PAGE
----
1946 Ten Best Movies

James Stewart, on the possibility of shaking the dust of this crummy little town off my feet.

I began giving over my Sunday mornings to this project in the first week of 2009, and now we’ve run out the string: ten-best lists for every year going back to 1919, beyond which I will need to do much more movie-watching to assemble something remotely respectable. After taking next Sunday off (the Port Townsend Film Festival looms, although “looms” isn’t quite the right word), I will begin writing Sunday Crop Duster entries on a “movie of the week,” the definition of which has yet to be, ah, defined.

The #1 for 1946 is a well-known picture that was once not well-known. When I began seeing It’s a Wonderful Life on late-night TV it was actually something of a cult movie, not having been re-discovered yet, which made it seem all the more unusual and unexpected and privileged: a cautionary note about the American Dream, despite the happy ending. Frank Capra’s fable is a painstakingly thorough and well-constructed picture (that newel post!) but almost seems out of his control at times. It’s a complicated movie, all about dreams and disappointments and seeing the here and now, and it shifts itself in interesting ways the older you get.

For the best of the rest, Hitchcock and John Ford merely contribute a couple of their finest pictures, and the Powell-Pressburger A Matter of Life and Death stands with the Capra film as a fantasy that uses a supernatural device to deliver a philosophical look at existence. Notorious is one of the most perfectly-realized movies ever made, but this time the riches of Capra and P&P rule the year. The ten best movies of 1946:

1. It’s a Wonderful Life (Frank Capra)

2. A Matter of Life and Death (Michael Powell/Emeric Pressburger)

3. Notorious (Alfred Hitchcock)

4. My Darling Clementine (John Ford)

5. The Best Years of Our Lives (William Wyler)

6. The Stranger (Orson Welles)

7. The Big Sleep (Howard Hawks)

8. Beauty and the Beast (Jean Cocteau)

9. Let There Be Light (John Huston)

10. The Murderers Are Among Us (Wolfgang Staude) and Paisa (Roberto Rossellini)

Let There Be Light is the war documentary, shot at a psychiatric hospital for returning WWII vets, that was banned for decades and is still difficult to see now. Shot to convey uplift about the success stories of soldiers getting treatment for psychological wounds, the film nevertheless gives an unflinching and unsettling look at the toll of combat (it is unforgettably narrated by Walter Huston: “Here are men who tremble…”). The Best Years of Our Lives also looks at returning veterans, and is one of those rare big Hollywood films that aims to capture its moment and succeeds.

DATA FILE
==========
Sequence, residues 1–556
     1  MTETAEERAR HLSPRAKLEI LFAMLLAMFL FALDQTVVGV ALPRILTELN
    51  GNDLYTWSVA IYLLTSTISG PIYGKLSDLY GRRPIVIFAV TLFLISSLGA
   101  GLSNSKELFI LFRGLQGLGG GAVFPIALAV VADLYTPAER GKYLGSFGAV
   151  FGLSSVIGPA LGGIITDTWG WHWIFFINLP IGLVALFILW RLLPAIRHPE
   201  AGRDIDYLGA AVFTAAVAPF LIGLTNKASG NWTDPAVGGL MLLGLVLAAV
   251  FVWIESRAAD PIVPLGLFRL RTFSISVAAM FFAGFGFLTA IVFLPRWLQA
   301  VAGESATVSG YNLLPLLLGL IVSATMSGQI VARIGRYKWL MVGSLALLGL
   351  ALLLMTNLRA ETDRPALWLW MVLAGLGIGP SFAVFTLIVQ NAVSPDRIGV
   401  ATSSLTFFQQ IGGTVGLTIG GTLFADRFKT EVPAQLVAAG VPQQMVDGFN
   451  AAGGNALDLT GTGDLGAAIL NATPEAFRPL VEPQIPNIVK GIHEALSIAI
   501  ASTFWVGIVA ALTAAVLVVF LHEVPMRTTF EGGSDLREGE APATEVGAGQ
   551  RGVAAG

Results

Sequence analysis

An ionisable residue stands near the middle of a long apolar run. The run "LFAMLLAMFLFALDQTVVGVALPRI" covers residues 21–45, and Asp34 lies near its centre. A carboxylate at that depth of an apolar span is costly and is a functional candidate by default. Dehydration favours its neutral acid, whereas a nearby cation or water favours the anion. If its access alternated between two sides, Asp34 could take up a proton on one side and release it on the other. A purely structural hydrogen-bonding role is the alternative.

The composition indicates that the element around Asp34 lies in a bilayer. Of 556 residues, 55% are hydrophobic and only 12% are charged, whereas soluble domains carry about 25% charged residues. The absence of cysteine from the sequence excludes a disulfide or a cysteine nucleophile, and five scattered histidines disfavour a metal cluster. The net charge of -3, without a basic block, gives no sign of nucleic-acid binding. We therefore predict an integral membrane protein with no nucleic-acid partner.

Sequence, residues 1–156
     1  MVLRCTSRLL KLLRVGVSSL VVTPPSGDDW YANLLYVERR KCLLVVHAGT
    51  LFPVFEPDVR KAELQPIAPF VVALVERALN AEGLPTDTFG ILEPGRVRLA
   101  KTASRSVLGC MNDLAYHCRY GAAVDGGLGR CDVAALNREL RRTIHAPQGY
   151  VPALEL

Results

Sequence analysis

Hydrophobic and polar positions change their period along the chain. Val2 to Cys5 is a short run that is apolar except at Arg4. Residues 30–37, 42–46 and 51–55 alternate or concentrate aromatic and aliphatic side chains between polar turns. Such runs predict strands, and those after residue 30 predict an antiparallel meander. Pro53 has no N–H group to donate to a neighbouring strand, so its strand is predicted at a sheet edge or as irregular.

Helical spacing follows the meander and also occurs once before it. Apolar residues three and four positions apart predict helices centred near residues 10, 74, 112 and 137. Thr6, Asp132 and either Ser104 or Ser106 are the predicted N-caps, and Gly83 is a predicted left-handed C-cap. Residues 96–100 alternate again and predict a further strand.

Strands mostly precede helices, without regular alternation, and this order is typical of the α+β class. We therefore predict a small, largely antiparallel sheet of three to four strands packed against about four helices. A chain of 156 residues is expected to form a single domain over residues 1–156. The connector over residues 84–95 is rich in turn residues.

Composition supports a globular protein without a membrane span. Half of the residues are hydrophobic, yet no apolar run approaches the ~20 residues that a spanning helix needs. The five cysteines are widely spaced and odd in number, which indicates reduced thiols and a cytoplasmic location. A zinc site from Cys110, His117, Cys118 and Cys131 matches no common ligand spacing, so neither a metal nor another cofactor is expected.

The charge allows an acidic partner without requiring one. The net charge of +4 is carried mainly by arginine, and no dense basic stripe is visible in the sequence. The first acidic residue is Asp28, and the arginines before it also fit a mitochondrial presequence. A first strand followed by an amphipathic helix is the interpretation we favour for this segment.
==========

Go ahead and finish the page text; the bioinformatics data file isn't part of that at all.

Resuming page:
The #10 slot are “rubble films,” shot in the remnants of real places: Staudte’s film is the fountainhead of East German cinema, Rossellini’s is a collection of war stories. (Apologies to Shoeshine, which I can’t really “place,” not having seen it since an adolescent viewing.) Just missing the cut is David Lean’s Great Expectations, an impeccable Dickens adaptation.

There are some noir films in the next rung of titles, including Robert Siodmak’s The Killers, George Marshall’s The Blue Dahlia, and Roy William Neill’s Black Angel. Not quite as keen on Charles Vidor’s Gilda as everybody else is, but it’s in there. And enjoyable works by a couple of continental sophisticates: Ernst Lubitsch’s Cluny Brown and Douglas Sirk’s A Scandal in Paris.

There must be a place for King Vidor’s (and Selznick’s) Duel in the Sun, as well as a much less heated western, Jacques Tourneur’s Canyon Passage. Mark Robson’s Bedlam holds up the Val Lewton quality horror run, and Kenji Mizoguchi’s Utamaro and His Five Women points the way to subsequent classics from this director. A pair of delicious British mysteries from the team of Frank Launder and Sidney Gilliat, Green for Danger and I See a Dark Stranger, indicate a rich period for Brit-film.

That’s that. Enough with the list-making for a while. I can hear the bells of St. Mark’s Cathedral from my window, so I suppose an angel just got his wings. Thanks for reading these things – now if I can figure out a way to make them browsable in chronological order….